Achieving construction and design excellence in difficult economic times is no easy task. It requires equal measures of experience, imagination and unwavering commitment, according to this year's judges for ENR California's Best Projects competition.

Photo by Henry Cabala, Henry Cabala Photography
CENTER STAGE The Kravis Center at Claremont McKenna College was named the Best Regional Project for 2011.

This year the competition increased, with the addition of projects in Washington, Oregon, Hawaii and Alaska to the program. Taken together, Engineering News-Record's group of regional editions expanded their Best Projects contests to all 50 states, which will provide national coverage for its upcoming Best of the Best competition.

This year, the ENR California call for entries resulted in 116 submitted projects. Nine judges selected 34 winners. They also named one of them the Region's Best Project: the Kravis Center at Claremont McKenna College in Claremont.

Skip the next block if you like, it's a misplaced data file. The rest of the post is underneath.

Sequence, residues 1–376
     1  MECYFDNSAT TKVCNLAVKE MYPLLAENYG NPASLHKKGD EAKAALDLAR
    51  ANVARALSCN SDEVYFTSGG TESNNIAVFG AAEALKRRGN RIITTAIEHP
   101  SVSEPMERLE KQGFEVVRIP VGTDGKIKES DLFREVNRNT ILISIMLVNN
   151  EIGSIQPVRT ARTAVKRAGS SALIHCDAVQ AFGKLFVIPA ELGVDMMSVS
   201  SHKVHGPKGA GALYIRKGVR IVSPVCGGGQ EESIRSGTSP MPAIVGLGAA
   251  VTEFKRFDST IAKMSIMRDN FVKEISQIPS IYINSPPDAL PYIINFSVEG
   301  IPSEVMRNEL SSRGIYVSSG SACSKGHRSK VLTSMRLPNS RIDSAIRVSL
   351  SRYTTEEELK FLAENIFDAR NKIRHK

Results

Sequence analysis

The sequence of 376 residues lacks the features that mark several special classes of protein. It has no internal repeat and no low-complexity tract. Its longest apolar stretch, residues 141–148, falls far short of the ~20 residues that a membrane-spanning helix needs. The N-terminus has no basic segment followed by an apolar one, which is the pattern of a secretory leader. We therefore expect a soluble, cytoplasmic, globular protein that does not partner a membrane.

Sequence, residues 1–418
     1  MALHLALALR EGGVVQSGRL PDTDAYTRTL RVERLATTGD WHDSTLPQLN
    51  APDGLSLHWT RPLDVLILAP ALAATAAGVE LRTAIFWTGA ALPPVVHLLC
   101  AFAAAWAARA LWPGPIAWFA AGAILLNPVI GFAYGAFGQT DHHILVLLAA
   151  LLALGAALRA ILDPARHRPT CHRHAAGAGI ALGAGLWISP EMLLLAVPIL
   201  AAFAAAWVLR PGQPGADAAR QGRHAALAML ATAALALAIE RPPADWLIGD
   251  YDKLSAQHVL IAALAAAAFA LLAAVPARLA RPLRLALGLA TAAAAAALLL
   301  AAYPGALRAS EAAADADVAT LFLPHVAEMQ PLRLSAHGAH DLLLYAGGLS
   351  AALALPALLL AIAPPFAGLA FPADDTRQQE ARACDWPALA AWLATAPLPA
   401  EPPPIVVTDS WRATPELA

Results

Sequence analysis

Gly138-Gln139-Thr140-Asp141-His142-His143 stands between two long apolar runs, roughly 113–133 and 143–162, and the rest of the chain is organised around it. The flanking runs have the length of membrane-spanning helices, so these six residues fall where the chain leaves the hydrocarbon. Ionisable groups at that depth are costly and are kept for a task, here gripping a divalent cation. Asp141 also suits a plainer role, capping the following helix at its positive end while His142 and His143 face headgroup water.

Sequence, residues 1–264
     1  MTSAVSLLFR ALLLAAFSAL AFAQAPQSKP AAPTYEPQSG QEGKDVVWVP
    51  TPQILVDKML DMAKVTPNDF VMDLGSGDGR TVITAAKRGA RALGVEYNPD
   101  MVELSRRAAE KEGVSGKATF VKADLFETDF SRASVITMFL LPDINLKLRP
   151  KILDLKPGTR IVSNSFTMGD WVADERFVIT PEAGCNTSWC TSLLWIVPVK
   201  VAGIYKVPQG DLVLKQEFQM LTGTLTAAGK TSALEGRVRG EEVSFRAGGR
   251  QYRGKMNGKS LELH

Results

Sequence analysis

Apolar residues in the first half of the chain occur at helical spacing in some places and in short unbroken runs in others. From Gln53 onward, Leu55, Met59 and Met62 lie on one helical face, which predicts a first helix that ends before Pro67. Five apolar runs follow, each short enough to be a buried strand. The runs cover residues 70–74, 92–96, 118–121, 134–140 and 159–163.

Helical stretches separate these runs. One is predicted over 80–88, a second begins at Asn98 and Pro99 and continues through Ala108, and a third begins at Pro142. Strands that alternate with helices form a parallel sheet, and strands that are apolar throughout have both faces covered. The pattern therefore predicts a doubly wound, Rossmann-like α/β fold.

"It was impressive to see the quality and caliber of projects in spite of the effects of the economy on the A/E/C profession," says judge Andrea Cohen Gehring, principal at DLR Group WWCOT, Los Angeles.

She adds, "Project challenges were expertly handled with effective team collaboration. And the variety of projects was an unexpected surprise, especially the energetic pedestrian bridges forming important civic gateways. This year's projects did not disappoint!"

Another judge, John Nunan, president of Unger Construction, Sacramento, says he was gratified to see the high level of project quality in light of the soft economic conditions. "I am always amazed at our industry's ability to raise the bar of quality, innovation and safety in spite of tough times," he says.

Judge John Saliba, vice president at FTR International, Irvine, notes, "Not surprisingly, the overall winner, the Kravis Center, is a LEED-Silver project that utilized building information modeling."

Saliba adds, "Its inviting modern design and success in achieving the submitter's stated goal in regard to 'the element of transparency and relationship between interior and exterior spaces' led to this project's top prize award."